|Adams finished his collegiate career as Arizona's seventh all-time leading scorer with 1,818 points.|
That’s what Nets rookie Hassan Adams told himself after he broke his right foot during a pre-draft workout in New Jersey on June 20th.
That’s what he told himself when his stock began to fall leading up to the 2006 NBA Draft and ended up getting selected in the second round instead of the first as many expected.
“I’m not saying if I didn’t break my foot I would have gone higher,” Adams said after a workout at the Nets practice facility. “I’m here for a reason. They picked me for a reason.”
The reason is the Nets needed to add depth to a bench that was outscored by their opponents 28.2 to 20.4 per contest last season.
“We thought we needed to get a little bit different mixture off the bench,” Head Coach Lawrence Frank said. “We needed to add some high-energy guys off the bench.”
Adams earned First Team All-Pac-10 honors his senior season at Arizona. He led the conference in steals (2.6 spg), ranked third in scoring (17.5 ppg) and is the only player in Pac-10 history to record 1,800 points, 700 rebounds and 200 steals in a career.
“I bring a great attitude and positive energy. In this league, every team can use some energy,” Adams said. “When things are going bad, I try to be a guy to pick everything up because it’s a long season.
“It’s going to be exciting playing here with Vince (Carter) and RJ (Richard Jefferson).”
Even though Jefferson graduated two years before Adams entered Arizona, the two former Wildcats developed a strong bond over time that Adams referred to as being like a “family.”
“Players like Rich and Luke (Walton) really care about you and want to make sure you represent Arizona well,” Adams said. “To have another Arizona guy (on the team) takes a little bit of the pressure off because he knows where you are coming from.”
At Arizona, Adams made a name for himself at the shooting guard position. He led the team in scoring in both his sophomore and senior seasons. But in the Nets’ up-tempo offensive system, Coach Frank thinks the 6-foot-4 Adams could see time at the two forward positions as well.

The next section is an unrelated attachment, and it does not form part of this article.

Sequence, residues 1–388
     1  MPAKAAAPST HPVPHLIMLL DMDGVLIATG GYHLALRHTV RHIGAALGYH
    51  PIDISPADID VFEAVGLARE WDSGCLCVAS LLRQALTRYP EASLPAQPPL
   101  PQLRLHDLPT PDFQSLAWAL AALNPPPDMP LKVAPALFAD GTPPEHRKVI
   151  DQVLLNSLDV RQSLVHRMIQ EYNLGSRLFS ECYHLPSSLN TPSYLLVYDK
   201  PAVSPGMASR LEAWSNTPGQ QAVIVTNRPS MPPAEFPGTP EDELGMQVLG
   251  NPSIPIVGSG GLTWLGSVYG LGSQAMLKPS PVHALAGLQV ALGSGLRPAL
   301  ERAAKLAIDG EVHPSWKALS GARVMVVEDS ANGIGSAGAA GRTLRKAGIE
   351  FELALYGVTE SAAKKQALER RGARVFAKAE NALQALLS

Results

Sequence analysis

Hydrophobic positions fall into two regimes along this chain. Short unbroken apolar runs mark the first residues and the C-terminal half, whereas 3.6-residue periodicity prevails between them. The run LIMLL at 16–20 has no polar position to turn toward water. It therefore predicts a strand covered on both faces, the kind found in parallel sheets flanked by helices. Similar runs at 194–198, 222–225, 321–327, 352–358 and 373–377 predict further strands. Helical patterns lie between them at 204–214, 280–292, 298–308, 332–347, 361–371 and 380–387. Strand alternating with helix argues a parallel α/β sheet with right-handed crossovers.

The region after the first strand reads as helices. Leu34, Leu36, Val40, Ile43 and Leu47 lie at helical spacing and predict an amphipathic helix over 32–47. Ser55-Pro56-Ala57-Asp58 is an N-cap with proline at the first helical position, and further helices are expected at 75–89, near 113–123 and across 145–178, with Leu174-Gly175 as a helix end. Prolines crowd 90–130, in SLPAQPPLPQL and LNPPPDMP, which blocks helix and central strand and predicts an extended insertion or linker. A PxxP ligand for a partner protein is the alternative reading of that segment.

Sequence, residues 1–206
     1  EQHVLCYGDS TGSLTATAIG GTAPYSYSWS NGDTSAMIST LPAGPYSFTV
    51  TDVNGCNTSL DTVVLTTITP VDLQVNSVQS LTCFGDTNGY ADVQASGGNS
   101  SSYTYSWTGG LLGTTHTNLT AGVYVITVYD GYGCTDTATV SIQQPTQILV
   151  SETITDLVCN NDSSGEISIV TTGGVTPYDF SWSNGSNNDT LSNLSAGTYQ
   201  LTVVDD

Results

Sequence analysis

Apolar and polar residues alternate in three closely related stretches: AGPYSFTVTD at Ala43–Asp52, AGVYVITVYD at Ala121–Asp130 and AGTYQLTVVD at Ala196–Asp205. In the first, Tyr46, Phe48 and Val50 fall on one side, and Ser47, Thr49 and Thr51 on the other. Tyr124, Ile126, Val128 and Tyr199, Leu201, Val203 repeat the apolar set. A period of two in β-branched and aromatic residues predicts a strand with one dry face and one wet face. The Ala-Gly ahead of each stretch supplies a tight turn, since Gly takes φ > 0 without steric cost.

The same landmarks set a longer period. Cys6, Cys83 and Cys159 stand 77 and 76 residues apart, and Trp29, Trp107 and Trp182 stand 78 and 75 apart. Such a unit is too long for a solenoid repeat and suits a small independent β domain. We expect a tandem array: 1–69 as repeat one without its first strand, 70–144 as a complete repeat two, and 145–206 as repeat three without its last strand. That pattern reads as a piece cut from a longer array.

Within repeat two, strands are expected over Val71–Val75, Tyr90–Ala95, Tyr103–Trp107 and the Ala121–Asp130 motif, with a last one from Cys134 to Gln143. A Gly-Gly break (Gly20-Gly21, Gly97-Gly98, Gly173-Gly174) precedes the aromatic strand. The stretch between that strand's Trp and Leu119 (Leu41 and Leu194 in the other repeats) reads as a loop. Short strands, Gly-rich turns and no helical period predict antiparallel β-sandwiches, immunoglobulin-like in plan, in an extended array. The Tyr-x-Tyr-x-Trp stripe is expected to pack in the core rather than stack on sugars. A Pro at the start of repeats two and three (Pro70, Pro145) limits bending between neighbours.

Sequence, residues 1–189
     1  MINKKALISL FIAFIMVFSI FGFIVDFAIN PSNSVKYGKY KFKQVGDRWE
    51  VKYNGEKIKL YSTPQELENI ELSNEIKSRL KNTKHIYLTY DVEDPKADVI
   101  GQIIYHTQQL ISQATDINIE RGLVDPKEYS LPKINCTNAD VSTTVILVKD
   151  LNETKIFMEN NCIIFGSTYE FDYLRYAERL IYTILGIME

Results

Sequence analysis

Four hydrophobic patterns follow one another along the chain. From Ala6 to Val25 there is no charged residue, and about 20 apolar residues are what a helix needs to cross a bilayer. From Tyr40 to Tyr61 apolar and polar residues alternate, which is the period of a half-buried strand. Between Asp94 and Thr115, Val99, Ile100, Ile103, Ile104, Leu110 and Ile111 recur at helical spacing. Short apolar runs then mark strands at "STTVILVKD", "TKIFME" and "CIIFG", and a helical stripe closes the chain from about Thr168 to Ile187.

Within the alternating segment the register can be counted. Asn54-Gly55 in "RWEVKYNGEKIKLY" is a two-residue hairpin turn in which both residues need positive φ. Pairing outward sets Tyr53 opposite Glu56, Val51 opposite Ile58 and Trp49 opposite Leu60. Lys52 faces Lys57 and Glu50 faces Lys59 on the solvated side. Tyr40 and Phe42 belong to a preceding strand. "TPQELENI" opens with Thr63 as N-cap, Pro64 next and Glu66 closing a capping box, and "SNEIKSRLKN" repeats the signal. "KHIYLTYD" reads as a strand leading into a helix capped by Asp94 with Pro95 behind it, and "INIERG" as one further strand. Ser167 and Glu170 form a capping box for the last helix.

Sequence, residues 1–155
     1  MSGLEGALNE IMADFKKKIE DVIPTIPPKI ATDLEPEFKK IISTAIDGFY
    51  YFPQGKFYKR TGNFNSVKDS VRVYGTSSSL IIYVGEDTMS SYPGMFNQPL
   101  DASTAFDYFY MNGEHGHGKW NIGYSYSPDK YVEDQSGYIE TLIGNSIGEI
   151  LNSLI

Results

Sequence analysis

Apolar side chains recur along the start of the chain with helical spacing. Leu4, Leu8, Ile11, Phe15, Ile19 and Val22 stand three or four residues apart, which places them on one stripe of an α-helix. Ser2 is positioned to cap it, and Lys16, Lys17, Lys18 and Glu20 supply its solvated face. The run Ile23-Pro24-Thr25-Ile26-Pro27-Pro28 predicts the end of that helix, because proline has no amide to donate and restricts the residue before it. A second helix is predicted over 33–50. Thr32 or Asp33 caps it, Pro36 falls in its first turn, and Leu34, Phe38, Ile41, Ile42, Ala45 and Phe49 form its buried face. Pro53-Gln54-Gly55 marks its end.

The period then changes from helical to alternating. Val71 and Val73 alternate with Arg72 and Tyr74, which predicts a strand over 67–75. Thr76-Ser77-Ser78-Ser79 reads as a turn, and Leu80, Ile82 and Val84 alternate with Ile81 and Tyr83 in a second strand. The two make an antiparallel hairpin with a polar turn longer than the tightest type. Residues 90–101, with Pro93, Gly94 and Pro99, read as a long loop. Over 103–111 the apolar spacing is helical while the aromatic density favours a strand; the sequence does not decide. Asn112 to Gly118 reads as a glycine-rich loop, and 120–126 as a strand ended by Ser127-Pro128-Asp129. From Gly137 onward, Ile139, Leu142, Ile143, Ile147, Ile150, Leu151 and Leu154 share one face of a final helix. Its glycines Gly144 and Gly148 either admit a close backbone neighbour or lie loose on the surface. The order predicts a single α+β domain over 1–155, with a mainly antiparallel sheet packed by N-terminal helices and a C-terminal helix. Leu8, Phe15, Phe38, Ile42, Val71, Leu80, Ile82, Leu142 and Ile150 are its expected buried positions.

“What we are probably going to see in the NBA is teams playing smaller or at least playing with a shooting four-man,” Frank said. “There aren’t a lot of dominant bigs in the game. Hassan brings some versatility and can help us at a couple different positions.”
Adams doesn’t care where he plays as long as he can help the team win.
“I never label myself as a number, I always label myself as a basketball player,” Adams said. “Whatever Coach Frank tells me to do, I’ll do it.”
Right now Adams is limited in what he can do as he continues to recover from the foot injury. While Marcus Williams and Josh Boone, the Nets’ first-round picks in 2006, gained valuable experience participating in the 2006 Pepsi Pro Summer League in July, Adams was unable to play and is still restricted from doing certain activities until his foot is completely healed.
“Patience is a virtue,” Adams declared. “They want me to gradually get back into it and not go from one to 10. I just have to take it day by day.”
Everything happens for a reason.